Testifying alongside Temple were Acting Assistant Treasury Secretary Daniel Glaser, who heads the Office of Terrorist Financing and Financial Crimes, and Acting Deputy Assistant Secretary of Defense for Special Operations and Combating Terrorism James Q. Roberts.

Glaser identified the insurgents as coming from three distinct, but often overlapping, groups:
-- Sunni jihadists, such as Abu Musab Al-Zarqawi and his network and the Ansar Al-Sunnah/Ansar Al-Islam network.
-- Former elements of Saddam Hussein's regime and their family members and agents.
-- Indigenous tribal groups and local militias whose tribal loyalties, nationalist goals or Islamist ideologies have drawn them into the insurgency.

In addition to funding sources named by Temple, criminal activities, such as kidnapping for ransom, narcotics trafficking, robbery, theft, extortion smuggling and counterfeiting of goods and currency also fund the insurgents, Glaser said.

He said the prime method of transferring funds to the insurgents from outside the country is "the physical transportation of cash into Iraq, particularly across the Iraqi-Syrian border."

Glaser said that the Treasury Department, given the prominent role of the military in Iraq, has taken steps to ensure maximum cooperation with the U.S. Defense Department in the area of insurgency financing.

Roberts said the Defense Department is taking a two-pronged approach to thwart "terrorist financing" and "threat financing."

He said terrorist financing focuses on organizations, cells and individuals directly linked to terrorism, while threat financing is a broader-based concept and includes WMD (weapons of mass destruction) funding, narco-trafficking, organized crime and human trafficking.

The DIA, Defense Department and Treasury officials said U.S. government interagency cooperation is central to the efforts to stop funds from reaching the Iraqi insurgents.

Source: International Information Programs, U.S. Department of State


Report: Suicide Bombs Potent Tools of Terrorists

Deadly Attacks Have Been Increasing and Spreading Since Sept. 11, 2001

Washington Post

By Dan Eggen and Scott Wilson
Washington Post Staff Writers
Sunday, July 17, 2005;

Unheard of only a few decades ago, suicide bombings have rapidly evolved into perhaps the most common method of terrorism in the world, moving west from the civil war in Sri Lanka in the 1980s to the Palestinian intifada of recent years to Iraq today. Since the Sept. 11, 2001, suicide attacks in the United States, suicide bombers have struck from Indonesia to India, from Russia to Morocco.

Now governments throughout the West -- including the United States -- are bracing to cope with similar challenges in the wake of the deadly July 7 subway bombings in London, which marked the first time that suicide bombers had successfully mounted an attack in Western Europe.

The pace of such attacks is quickening. According to data compiled by the Rand Corp., about three-quarters of all suicide bombings have occurred since the Sept. 11 attacks.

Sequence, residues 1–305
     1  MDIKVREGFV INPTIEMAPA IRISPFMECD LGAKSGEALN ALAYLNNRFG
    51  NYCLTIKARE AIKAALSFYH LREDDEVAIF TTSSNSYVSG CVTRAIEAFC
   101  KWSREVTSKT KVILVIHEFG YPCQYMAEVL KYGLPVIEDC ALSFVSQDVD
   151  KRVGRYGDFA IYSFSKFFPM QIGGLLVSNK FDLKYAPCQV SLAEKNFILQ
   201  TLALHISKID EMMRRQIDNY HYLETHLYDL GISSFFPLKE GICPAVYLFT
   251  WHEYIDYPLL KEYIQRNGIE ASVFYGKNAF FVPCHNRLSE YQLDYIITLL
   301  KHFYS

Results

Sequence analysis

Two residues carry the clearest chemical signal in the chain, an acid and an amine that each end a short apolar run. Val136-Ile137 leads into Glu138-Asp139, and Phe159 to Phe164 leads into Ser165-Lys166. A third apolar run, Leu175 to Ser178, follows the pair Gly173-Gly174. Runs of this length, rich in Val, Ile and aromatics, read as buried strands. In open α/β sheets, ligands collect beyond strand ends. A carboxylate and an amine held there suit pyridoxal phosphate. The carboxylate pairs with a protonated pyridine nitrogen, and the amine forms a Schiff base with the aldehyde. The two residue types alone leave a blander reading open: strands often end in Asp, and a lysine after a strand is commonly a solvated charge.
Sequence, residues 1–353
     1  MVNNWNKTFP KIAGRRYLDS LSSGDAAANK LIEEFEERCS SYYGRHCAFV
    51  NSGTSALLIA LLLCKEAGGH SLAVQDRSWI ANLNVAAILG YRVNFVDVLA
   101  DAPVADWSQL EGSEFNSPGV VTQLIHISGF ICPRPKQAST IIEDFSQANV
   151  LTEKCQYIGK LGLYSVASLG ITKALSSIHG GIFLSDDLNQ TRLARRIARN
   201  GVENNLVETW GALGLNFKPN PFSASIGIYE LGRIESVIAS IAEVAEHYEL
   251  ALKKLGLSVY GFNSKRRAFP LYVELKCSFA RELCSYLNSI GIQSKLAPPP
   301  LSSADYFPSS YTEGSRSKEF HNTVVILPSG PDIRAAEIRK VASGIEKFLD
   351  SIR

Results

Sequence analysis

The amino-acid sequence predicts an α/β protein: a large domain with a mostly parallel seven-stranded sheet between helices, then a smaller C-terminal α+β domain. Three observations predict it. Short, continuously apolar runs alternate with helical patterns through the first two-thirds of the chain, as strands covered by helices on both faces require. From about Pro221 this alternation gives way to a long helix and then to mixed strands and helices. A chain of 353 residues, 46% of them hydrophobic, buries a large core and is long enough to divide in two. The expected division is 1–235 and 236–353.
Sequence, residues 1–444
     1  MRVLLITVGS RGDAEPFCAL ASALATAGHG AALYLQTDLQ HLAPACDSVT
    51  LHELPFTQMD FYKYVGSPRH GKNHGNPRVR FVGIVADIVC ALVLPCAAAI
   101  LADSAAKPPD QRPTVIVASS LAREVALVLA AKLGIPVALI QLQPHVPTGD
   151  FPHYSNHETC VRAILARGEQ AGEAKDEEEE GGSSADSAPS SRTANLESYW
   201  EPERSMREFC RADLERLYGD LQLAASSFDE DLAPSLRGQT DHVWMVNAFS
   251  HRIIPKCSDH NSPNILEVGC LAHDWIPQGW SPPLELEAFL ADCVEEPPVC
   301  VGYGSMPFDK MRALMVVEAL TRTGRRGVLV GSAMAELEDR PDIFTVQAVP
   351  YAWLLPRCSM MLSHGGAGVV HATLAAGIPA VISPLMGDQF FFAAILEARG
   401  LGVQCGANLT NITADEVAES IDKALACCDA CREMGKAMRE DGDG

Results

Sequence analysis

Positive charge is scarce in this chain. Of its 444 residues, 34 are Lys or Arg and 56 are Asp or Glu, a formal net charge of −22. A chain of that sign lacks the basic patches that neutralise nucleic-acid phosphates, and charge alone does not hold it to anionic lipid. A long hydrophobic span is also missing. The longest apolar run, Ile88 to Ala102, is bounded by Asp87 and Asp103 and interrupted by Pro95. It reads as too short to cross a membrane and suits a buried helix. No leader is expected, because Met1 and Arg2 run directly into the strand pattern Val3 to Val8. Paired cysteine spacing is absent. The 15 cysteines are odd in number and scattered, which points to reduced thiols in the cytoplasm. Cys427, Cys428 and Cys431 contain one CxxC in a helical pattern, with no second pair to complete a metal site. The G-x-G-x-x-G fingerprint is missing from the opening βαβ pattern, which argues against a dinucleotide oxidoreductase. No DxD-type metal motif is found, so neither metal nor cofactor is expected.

The numbers in Iraq alone are breathtaking: About 400 suicide bombings have shaken Iraq since the U.S. invasion in 2003, and suicide now plays a role in two out of every three insurgent bombings. In May, an estimated 90 suicide bombings were carried out in the war-torn country -- nearly as many as the Israeli government has documented in the conflict with Palestinians since 1993.

Yesterday, a suicide bomber detonated explosives strapped to his body inside a Shiite mosque south of Baghdad, triggering a huge fuel-tanker explosion that killed at least 54 people, according to police.

The bombings in London, which killed 55 people, illustrate the profound difficulty of preventing such attacks, experts say. Intelligence officials believe the bombers, in a common pattern, were foot soldiers recruited for the occasion, young men of Pakistani and Jamaican backgrounds reared in Britain who had recently converted to radical Islam. The four bombings required no exit strategy and were pulled off with devices that apparently were made in a bathtub and were small enough to fit in backpacks.

"With the exception of weapons of mass destruction, there is no other type of attack that is more effective than suicide terrorism," said Bruce Hoffman, a terrorism expert who heads the Washington office of Rand, a California think tank. "The perception is that it's impossible to guard against."

The motives behind suicide bombings are often mixed. Terrorism experts and intelligence officials disagree on the extent to which political strategy and religious fervor have led to the rising frequency of such attacks. But in addition to the death toll, a key objective of such bombings is clearly to sow terror by violating deeply held cultural and religious taboos against suicide, experts say.

Daniel Benjamin, a senior fellow at the Center for Strategic and International Studies and a former Clinton administration counterterrorism official, points to the frequent glorification of death and martyrdom by the leaders of al Qaeda and other extremist groups. In his famous fatwa , or declaration of war, against the United States in 1996, al Qaeda leader Osama bin Laden told U.S. officials: "These youth love death as you love life."

"This is their way of saying they are much more determined than we are," said Benjamin, who co-wrote the 2002 book "The Age of Sacred Terror."

"They realize we are very unnerved by this. . . . I see the spread of it as a tactic as an indication of the strength of the ideology for Muslim radicals," Benjamin said.

History of Suicide Attacks